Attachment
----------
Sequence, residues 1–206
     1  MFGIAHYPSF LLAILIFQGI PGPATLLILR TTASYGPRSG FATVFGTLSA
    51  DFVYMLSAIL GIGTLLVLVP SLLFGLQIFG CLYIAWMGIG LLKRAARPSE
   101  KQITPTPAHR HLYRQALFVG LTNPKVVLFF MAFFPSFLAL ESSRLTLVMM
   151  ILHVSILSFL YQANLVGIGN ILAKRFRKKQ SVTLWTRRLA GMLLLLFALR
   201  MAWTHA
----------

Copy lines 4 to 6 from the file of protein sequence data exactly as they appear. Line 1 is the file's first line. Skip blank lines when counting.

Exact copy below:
   101  KQITPTPAHR HLYRQALFVG LTNPKVVLFF MAFFPSFLAL ESSRLTLVMM
   151  ILHVSILSFL YQANLVGIGN ILAKRFRKKQ SVTLWTRRLA GMLLLLFALR
   201  MAWTHA